China: Don’t even think of using Google while we change leaders

Once again the leadership in China thinks that having information is dangerous.

Greatfire.org reports that as of November 9, http://www.google.com was blocked in China. Not just slowed down. But full out blocked.

  • The subdomains http://www.google.com, mail.google.com, google-analytics.com, docs.google.com, drive.google.com, maps.google.com, play.google.com and perhaps many more are all currently DNS poisoned in China. Instead of the real IP addresses, any lookups from China to any of these domains result in the following IP: 59.24.3.173. That IP address is located in Korea and doesn’t serve any website at all.
  • This means that none of these websites, including Google Search, currently work in China, unless you have a VPN or other cirumvention tool.
  • Using a DNS server outside of China doesn’t help. A lookup of http://www.google.com to 8.8.8.8 is also distorted, by the Great Firewall.
  • So far you can still access other country versions of Google such as http://www.google.co.uk.

Josh Rogin at Foreign Policy noted:

According to Google’s own online transparency reporting, which provides realtime traffic data for Google sites around the world, a precipitous drop-off of traffic to Google sites began at exactly 5 p.m. China time Nov. 9, and is still ongoing.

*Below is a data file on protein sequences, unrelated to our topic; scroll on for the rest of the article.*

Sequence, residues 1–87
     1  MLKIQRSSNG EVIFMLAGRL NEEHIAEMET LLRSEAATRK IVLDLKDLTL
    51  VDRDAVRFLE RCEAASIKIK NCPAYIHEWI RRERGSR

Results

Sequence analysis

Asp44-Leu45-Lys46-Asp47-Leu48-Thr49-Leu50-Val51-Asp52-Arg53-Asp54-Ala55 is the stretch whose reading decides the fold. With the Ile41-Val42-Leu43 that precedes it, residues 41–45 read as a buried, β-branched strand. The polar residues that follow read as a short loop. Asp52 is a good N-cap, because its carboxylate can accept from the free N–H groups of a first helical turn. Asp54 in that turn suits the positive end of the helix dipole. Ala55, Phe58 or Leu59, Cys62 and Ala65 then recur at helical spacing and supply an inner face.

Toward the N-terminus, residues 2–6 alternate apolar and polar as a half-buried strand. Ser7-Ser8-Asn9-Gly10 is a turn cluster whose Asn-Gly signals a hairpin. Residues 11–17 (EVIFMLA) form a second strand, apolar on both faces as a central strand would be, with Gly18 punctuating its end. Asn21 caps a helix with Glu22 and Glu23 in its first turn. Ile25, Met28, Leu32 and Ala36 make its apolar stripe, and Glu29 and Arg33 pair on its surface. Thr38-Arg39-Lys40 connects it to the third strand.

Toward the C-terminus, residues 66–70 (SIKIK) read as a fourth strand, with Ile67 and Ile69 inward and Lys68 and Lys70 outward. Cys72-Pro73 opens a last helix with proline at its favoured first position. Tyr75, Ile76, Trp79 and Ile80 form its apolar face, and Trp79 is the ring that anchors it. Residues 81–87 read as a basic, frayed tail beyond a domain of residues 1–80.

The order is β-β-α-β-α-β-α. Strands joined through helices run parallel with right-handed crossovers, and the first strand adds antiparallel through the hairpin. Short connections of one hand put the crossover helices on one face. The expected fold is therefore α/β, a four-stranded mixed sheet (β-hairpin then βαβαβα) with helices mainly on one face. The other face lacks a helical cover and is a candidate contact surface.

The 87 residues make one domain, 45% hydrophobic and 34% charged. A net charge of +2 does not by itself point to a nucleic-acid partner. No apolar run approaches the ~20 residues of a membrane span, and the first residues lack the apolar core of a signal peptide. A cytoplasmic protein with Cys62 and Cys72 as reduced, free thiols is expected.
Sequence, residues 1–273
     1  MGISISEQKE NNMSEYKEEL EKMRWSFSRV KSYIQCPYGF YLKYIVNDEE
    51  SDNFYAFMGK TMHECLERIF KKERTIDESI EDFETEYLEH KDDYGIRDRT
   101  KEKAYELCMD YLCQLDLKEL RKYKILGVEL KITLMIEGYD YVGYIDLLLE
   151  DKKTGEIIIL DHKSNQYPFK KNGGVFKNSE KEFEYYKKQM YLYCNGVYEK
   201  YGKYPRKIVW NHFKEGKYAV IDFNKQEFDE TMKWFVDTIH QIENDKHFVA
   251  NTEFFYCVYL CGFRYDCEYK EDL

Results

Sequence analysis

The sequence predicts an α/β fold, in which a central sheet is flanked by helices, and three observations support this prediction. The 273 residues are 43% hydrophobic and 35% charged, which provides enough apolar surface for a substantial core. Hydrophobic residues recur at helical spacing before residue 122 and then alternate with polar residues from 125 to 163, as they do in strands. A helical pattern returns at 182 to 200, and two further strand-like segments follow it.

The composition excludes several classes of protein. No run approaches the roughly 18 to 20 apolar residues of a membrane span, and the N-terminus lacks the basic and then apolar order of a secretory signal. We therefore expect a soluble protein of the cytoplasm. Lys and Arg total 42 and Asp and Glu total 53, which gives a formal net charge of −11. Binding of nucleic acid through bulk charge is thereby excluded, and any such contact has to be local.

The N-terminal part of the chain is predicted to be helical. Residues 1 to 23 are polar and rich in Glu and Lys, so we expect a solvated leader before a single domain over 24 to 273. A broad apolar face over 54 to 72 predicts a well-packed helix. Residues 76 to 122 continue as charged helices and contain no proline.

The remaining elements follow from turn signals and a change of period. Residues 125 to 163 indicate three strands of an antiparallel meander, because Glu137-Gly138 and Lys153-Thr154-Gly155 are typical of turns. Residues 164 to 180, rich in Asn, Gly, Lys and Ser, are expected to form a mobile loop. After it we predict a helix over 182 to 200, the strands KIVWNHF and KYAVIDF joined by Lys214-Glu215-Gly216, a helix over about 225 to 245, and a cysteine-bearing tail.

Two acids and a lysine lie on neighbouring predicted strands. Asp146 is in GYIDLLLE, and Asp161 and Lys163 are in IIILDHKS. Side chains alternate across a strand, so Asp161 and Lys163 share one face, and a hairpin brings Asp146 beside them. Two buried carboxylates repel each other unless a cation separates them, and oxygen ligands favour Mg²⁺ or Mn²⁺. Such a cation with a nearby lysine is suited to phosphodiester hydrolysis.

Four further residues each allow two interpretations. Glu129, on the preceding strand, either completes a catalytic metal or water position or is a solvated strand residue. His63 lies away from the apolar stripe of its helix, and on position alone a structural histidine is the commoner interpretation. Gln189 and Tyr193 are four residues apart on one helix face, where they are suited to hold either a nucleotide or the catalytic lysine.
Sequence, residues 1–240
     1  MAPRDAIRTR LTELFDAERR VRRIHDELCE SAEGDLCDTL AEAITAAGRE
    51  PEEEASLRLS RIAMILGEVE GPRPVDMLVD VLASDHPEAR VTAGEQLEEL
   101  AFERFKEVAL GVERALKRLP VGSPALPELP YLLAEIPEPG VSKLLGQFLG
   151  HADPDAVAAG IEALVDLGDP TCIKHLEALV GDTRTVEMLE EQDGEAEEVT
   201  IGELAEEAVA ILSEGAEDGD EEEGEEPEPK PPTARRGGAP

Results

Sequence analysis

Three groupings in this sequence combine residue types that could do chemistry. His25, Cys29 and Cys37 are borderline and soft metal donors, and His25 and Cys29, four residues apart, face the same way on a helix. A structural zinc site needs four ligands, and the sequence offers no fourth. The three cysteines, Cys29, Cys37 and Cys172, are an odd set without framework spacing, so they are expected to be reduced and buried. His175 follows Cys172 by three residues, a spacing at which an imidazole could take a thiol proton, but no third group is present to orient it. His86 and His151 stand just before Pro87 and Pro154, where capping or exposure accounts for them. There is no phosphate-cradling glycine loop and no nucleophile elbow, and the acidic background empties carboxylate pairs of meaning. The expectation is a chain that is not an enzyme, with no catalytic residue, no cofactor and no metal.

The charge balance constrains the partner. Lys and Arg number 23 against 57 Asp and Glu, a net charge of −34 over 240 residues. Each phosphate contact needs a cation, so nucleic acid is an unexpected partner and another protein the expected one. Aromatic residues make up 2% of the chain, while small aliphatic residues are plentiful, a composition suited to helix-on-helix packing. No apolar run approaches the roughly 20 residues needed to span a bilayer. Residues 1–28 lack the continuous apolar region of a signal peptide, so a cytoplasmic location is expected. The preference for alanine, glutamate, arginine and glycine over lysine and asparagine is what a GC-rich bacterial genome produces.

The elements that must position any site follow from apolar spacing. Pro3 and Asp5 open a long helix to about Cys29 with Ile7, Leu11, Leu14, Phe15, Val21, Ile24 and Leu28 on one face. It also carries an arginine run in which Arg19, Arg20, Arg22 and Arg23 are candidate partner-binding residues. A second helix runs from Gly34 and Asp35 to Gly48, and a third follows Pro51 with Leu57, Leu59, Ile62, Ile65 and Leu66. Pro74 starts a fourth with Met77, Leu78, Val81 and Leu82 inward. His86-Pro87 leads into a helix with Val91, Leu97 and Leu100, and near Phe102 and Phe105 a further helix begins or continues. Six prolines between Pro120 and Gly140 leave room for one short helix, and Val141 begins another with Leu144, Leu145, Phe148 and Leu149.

The Cable asked Google what was going on and a spokesperson replied simply: “We’ve checked and there’s nothing wrong on our end.”

Note the drop in Google access:

Yep, just can’t trust the people with information that hasn’t been carefully washed and slanted.

By the way, this affects more than just getting information about the change in leadership in China. Considering how large the U.S. trade relationship is with China, perhaps more people in the U.S. should be worried about how easily the Chinese government controls information. Do you really feel comfortable doing business with a place where you can’t get independent verification of vital social, political and economic information?

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Filed under Censorship, China, Freedom of access, International News Coverage

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